Diamond Polished Megalodon Shark Tooth
Diamond Polished Megalodon Shark Tooth

Artistic Process

The word fossil has a Latin root meaning of "obtained by digging". Fossils vary in size from microscopic to the giant fossils we are familiar with, such as dinosaurs. In general, fossils preserve partial part of the organism, usually a part that was mineralized during life. In the case of the shark species and other vertebrates, this is generally bones and teeth. Most of the familiar land fossils, such as dinosaur and plant species, are often embedded in a fossil matrix (usually rock or loose sediment). The removal of the fossil from the matrix is accomplished through various techniques usually by experts in the scientific community. Despite differences in the recovery, fossil shark teeth recovered from the ocean require the same diligent preparation for proper display, showing, and study. In this article, I walk you through the fossil shark tooth preparation process for specimens recovered from the ocean while SCUBA diving. The findings that I present are based on my personal recovery and preparation of thousands of fossil shark teeth from the offshore waters of North Carolina. 

Fossil Dinosaur
Scuba Diving for Megalodon Shark Teeth

All of my fossil shark teeth are personally cleaned!

The first step after recovering fossil ocean shark teeth is to stabilize them in fresh water. Although the timeline of geologic deposition has not been established by scientists, I am certain that the teeth recovered have spent a significant amount of time in the harsh and corrosive ocean saltwater environment. By soaking the fossil shark teeth in fresh water you extract the saltwater that has leached in and prevent any damage after the completion of the cleaning process.

The long residence time of fossil shark teeth on the ocean floor have allowed for significant attachment of oysters, barnacles, and other small animal and plant life.  The mechanical removal of this growth can be a difficult and time-consuming process and is facilitated by the use of naturally derived acids such as vinegar. This commonplace practice has some criticism; however, through significant experimentation I have developed the idea pH of the natural vinegar solution that does not burn or damage fossil shark teeth.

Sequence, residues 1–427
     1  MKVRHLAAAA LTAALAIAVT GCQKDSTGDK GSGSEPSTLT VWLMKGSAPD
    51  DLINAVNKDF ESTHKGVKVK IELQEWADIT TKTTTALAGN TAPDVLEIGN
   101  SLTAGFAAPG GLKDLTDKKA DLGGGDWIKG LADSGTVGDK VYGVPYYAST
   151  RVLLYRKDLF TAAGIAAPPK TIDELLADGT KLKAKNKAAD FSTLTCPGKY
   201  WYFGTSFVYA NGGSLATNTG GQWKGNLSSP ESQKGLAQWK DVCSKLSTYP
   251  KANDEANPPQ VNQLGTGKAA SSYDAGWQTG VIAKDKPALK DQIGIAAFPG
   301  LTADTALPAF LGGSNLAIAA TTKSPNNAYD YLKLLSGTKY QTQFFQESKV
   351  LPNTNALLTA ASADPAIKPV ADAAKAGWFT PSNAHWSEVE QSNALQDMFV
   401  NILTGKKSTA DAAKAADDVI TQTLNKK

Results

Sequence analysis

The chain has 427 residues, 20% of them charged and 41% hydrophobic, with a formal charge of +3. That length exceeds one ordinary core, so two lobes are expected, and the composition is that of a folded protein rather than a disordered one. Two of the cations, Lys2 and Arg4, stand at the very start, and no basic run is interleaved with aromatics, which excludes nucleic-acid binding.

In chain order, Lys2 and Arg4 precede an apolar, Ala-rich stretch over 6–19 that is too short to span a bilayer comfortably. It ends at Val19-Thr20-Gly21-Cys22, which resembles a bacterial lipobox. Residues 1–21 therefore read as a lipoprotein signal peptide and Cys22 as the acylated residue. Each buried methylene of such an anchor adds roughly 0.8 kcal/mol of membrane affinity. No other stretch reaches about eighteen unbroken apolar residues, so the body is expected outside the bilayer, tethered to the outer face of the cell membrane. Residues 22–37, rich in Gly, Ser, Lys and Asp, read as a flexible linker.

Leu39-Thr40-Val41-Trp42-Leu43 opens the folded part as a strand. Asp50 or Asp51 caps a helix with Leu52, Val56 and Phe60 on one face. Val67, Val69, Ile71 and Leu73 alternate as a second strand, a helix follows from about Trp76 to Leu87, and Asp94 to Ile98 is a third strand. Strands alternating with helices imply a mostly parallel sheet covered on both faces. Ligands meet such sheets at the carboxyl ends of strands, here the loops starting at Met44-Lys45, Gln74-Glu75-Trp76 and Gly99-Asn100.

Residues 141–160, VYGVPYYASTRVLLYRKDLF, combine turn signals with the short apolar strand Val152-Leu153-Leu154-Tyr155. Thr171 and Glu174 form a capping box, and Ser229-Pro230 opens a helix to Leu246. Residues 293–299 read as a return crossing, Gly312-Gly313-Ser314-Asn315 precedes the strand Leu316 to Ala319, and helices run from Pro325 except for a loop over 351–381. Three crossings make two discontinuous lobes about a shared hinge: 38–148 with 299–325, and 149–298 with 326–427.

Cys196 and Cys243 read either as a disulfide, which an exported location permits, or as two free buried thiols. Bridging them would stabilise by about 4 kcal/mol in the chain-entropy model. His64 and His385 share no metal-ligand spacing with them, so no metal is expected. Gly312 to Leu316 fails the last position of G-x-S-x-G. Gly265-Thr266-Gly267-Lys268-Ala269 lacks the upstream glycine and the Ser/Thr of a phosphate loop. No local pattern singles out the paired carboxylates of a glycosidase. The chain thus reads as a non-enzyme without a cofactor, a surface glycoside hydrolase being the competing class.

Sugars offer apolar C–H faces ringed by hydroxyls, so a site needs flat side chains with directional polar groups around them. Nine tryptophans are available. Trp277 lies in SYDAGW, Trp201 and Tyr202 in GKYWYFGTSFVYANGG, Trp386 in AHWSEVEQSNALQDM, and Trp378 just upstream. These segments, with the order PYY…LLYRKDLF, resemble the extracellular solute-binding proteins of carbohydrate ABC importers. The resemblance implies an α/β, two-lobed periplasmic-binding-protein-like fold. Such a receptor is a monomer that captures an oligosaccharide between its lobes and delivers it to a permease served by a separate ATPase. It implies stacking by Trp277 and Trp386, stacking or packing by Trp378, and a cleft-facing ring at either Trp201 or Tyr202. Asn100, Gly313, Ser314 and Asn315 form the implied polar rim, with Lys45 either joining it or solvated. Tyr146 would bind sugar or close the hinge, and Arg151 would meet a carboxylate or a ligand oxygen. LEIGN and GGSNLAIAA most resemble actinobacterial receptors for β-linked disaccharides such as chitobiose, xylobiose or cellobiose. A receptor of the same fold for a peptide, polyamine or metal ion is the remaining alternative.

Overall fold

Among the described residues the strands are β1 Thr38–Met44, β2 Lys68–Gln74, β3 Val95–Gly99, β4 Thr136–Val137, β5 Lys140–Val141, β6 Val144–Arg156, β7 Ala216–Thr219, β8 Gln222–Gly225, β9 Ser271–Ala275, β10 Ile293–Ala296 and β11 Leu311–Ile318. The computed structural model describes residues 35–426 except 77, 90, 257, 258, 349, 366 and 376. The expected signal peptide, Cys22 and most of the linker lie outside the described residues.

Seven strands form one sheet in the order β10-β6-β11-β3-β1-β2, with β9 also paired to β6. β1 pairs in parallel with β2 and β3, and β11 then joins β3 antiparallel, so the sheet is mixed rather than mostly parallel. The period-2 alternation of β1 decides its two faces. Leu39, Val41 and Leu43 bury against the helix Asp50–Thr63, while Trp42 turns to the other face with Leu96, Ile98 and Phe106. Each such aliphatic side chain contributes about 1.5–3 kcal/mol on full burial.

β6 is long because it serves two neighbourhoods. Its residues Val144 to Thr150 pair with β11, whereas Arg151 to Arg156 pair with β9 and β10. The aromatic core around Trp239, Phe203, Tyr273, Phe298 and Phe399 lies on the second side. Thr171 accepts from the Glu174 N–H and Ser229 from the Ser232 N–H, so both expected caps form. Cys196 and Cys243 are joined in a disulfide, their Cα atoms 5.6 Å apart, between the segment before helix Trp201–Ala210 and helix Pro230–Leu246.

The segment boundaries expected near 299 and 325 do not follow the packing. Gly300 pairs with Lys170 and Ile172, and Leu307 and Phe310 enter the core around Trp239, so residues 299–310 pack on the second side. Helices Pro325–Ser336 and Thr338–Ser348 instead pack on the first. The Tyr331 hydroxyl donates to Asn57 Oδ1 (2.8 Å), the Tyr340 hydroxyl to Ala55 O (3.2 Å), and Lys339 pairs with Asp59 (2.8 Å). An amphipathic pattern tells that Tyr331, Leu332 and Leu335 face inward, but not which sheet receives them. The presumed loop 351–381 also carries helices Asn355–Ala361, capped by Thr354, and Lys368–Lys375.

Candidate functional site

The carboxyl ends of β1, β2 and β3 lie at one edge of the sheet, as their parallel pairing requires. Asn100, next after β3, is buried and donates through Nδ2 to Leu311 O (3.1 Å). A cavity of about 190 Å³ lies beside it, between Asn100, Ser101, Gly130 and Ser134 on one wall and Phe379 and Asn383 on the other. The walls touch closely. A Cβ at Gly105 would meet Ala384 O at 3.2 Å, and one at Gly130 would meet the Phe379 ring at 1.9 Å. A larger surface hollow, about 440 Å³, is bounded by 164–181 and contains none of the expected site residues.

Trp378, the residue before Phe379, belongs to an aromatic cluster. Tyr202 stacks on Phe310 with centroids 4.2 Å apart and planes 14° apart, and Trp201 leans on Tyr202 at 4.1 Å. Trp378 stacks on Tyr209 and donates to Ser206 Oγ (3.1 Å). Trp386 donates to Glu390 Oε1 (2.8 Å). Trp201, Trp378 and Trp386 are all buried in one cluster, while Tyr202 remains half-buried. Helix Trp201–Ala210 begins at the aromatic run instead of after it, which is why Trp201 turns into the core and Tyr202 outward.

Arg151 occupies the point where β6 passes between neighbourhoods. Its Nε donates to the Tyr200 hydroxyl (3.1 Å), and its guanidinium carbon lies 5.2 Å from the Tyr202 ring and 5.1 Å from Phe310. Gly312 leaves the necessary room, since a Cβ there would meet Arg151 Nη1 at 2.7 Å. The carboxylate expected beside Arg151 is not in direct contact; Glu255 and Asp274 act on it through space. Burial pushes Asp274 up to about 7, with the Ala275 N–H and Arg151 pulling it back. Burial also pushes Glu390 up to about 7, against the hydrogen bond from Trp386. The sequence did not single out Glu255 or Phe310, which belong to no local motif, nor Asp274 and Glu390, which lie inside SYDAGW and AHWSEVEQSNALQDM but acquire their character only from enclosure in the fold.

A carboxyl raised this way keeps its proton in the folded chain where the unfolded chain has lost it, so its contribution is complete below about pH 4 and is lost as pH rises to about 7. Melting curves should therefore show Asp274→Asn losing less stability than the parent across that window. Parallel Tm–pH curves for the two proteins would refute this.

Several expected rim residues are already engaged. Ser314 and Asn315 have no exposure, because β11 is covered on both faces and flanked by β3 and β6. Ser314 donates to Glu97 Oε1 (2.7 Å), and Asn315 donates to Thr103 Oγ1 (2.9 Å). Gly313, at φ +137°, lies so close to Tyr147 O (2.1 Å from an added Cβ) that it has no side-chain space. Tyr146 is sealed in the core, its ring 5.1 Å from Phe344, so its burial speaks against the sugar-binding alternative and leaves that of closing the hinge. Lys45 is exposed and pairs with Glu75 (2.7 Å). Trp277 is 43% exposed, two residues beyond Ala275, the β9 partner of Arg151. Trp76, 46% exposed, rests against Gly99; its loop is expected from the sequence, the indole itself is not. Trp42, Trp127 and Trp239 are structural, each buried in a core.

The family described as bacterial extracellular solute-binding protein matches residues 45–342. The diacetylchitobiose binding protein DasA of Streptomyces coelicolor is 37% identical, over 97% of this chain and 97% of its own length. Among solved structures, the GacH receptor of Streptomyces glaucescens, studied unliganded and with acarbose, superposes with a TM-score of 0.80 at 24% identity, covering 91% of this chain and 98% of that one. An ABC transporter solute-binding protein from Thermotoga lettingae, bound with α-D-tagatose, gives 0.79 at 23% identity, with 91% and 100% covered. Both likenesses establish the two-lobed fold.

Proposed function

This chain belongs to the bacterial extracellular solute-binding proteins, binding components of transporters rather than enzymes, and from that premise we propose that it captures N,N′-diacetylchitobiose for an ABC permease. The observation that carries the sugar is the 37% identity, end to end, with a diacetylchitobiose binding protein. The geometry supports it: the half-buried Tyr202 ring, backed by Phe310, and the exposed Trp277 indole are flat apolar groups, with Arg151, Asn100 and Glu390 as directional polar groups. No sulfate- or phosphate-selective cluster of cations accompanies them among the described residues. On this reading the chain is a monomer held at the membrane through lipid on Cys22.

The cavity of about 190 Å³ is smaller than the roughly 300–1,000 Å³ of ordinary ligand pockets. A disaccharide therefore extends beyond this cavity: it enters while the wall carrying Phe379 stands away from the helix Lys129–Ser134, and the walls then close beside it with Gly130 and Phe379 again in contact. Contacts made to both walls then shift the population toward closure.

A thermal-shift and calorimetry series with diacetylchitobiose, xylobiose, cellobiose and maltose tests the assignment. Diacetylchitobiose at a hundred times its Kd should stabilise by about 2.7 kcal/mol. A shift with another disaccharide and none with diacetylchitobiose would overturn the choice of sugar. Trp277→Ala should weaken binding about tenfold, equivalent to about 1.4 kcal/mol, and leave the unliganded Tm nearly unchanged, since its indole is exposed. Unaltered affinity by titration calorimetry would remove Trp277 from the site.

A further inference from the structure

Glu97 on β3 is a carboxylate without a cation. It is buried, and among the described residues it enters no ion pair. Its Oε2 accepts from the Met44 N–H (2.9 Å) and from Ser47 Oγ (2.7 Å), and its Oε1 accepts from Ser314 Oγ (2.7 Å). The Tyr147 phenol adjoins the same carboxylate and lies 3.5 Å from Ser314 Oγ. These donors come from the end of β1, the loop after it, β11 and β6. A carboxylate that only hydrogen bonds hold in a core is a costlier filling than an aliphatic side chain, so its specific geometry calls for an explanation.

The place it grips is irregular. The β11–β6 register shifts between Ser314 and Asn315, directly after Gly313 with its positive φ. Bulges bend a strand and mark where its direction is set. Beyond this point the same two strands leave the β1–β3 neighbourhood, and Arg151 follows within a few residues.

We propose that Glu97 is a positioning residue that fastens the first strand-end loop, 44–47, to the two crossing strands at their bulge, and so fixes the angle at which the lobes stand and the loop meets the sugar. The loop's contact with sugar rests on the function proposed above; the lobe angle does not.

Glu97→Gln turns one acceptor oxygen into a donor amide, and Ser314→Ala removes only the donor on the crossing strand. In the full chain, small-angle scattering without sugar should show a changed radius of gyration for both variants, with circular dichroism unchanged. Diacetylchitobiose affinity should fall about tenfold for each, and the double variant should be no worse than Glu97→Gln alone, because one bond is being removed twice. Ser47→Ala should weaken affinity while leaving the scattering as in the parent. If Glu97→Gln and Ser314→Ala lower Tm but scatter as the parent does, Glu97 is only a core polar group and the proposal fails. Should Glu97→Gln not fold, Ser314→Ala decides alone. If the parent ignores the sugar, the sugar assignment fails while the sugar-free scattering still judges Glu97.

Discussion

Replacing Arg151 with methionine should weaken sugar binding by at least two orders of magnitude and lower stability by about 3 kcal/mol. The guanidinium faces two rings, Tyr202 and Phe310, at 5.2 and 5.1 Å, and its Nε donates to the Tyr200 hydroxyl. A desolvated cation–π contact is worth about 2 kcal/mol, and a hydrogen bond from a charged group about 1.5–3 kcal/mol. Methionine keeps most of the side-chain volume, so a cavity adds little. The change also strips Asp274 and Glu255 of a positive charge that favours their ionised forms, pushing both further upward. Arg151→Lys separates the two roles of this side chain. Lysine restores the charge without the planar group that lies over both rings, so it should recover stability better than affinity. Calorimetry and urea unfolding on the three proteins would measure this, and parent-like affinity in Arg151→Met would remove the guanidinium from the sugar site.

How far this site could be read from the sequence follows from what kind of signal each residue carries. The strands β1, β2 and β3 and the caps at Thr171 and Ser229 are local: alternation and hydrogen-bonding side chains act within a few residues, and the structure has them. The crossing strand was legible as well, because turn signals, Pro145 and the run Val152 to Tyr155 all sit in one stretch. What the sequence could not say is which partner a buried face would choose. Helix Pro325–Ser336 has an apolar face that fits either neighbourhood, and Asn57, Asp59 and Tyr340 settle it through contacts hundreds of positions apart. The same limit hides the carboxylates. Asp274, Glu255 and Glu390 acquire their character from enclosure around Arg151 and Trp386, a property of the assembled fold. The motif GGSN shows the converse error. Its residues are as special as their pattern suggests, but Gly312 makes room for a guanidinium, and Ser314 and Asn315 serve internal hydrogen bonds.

Fossil Megalodon Shark Tooth
Fossil Megalodon Shark Tooth

Although the soak in the vinegar solution assists in the removal of ocean growth, it does not entirely clean the fossil shark tooth. This leads to perhaps the most important process, the CAREFUL tedious mechanical removal of the remaining growth. This process involves tools such as dental picks and wire brushes. After sufficient removal of the growth the fossil shark tooth specimens are carefully placed in a bucket of fresh water. The water is regularly changed as any of the remaining natural acidic solution leaches out of the teeth protecting the fossil for a lifetime of display.

Finishing Touches

There are numerous ways to display fossil shark teeth. Many of these vary by the individual's taste and preferences, but there is no question that a proper display is bound to entertain friends and guests!

Fossil Insight

A commonplace practice  is the application of oil (e.g. mineral oil, vegetable oil, olive oil, wax, lotion, etc) to the root and blade of the tooth. This trick is used to hide the hydration stresses on the tooth. These hydration flaws are almost always due to  using too low of a pH solution to facilitate the cleaning process. It is important to note that the use of any kind of oil is a temporary fix to a dehydrated tooth, and that over time as the oil wears away all the hydration stresses will re-appear.

It is important to ask any seller if they apply any type of oil or wax to their teeth. This should be a red flag of an inferior product!

A great way to display fossil shark teeth is through the creation of jewelry. One of my favorite techniques is wire wrapping, which allows the shark tooth to be displayed as a necklace or as earrings. Another flair is the addition of semi-precious gems and stones which appeal to all sorts of collectors who want to show off their fossil shark tooth.

One of my favorite ways to prepare fossil shark teeth that are missing some or have total enamel peel is through diamond polishing. Diamond polishing is accomplished through the use of a water-cooled polishing machine. This machine uses the earth's hardest substance (diamonds) on multiple wheels that vary in grit sizes from 80 all the way up to 16,000. The resulting tooth is one with spectacular glimmer that is guaranteed to attract attention to the beautiful artistic masterpiece!

Diamond Polishing

Fossil Shark Tooth Jewelry